In the summer of 2010, I returned to the island where I had used to live. On the second night I walked around the city in the pouring rain: the deserted and decaying Peace Street; the Hill of Good Hope, which was full of mosquitos, poor cats and poor people; and Cherry Tree Road with no cherry tree in sight. Everything was wrongly named on the island. At the end of Cherry Tree Road, I met an American man without an umbrella. “I’m AWOL”, he said. Is that some sort of deserter? On the chest of his white T-shirt, the kind that every Army guy seems to wear these days, there was a beautiful, emerald-green flower beetle. I thought it was a broach, but it was alive, which seemed funny. The bug reminded me of my childhood… how I had found a flower beetle and tied a string to its leg so when it attempted to fly away, it could not go any further than the length of the string. Afterwards I went home and picked one of the ugly Ryukyu glasses that my parents had bought for no apparent reason and then caged the flower beetle inside it. Of course I had later all forgotten about it, and my dad had irritatingly looked for the missing glass for days. But you never used it, Dad.
That night, a typhoon had hit the island and cut the electricity off, so I took photographs of the soldier in the dark. Those angels who had sex with male humans… As soon as God found out about them and what they had done, he pushed the angels off of heaven, and they fell to the ground dead. Sometimes the dead angels would leave marks after, which were snow angels. You couldn’t see the dead angels because God would pick their bodies up right after. Between the shutter releases, he told me the tale of the snow angels. Later I looked it up and it just was a silly lie. The next day, I went to a nearby beach and tried to imitate the fallen snow angel, but the sand was too rough, so it looked awful. When the tides came in, my snow angel got swept away.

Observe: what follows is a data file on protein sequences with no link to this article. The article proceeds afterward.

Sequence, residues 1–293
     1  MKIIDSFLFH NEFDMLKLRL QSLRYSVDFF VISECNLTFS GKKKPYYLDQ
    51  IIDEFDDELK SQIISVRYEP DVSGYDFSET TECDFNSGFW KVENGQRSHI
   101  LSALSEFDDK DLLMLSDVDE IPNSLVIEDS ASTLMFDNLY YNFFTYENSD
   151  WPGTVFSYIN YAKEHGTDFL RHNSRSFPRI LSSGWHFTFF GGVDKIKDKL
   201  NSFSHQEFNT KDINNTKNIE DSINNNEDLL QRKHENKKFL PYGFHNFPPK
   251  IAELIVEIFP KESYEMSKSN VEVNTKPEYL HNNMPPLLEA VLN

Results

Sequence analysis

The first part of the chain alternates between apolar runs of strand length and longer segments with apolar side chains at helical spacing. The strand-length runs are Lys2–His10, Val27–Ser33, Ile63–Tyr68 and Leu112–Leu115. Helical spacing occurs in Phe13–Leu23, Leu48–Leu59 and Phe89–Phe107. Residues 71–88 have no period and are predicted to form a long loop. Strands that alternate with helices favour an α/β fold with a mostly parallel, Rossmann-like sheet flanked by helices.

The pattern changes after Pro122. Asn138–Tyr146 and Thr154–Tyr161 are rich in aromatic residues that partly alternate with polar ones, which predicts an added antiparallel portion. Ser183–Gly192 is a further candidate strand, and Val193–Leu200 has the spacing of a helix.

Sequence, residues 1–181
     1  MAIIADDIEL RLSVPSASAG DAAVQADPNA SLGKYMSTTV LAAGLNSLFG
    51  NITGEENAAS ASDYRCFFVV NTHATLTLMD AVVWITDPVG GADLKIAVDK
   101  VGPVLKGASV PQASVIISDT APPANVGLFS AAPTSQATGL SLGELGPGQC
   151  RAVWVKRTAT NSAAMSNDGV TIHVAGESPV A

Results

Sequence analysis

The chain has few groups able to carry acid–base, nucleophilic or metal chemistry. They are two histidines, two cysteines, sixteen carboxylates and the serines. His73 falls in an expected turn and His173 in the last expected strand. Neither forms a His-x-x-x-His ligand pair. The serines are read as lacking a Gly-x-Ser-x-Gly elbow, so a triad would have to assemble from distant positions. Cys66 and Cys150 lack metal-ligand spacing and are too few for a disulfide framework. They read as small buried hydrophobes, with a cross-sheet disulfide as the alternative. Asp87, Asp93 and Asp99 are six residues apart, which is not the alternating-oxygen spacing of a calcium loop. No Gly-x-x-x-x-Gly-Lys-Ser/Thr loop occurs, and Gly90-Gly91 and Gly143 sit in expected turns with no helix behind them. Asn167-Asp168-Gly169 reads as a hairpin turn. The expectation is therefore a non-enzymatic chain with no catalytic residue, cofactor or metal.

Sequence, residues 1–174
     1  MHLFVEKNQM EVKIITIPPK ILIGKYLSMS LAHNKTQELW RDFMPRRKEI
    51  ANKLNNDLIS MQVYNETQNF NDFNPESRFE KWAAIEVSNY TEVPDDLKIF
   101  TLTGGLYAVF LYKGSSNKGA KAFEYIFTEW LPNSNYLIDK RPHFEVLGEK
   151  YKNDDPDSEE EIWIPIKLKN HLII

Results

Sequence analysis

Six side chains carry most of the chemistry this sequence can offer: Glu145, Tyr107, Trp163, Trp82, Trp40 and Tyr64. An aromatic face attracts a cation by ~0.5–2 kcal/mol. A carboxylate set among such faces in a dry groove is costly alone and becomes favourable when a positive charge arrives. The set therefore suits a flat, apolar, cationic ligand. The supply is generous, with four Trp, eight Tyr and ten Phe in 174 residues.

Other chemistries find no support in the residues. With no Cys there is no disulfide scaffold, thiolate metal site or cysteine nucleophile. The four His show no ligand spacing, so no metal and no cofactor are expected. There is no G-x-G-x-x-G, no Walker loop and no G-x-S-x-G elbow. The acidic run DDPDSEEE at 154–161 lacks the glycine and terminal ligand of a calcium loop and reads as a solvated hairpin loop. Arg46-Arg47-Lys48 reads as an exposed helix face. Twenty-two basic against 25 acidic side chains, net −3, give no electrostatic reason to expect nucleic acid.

Every time I go to that island’s beach and look at the sea, Kerouac’s “On The Road” comes to my mind. At the end of his road trip, Sal Paradise looks at the sunset over the New Jersey skyline, thinking of the roads spreading far beyond, the people dwelling besides those roads, their dreams under the dark skies, and about Dean Moriarty. He then cries. Does he? I cannot remember… Sitting on the beach last summer, I vaguely thought about America, the place I once dreamt of living, and the AWOL (who came from that very place) who had left me that morning. I decided then to return to Tokyo.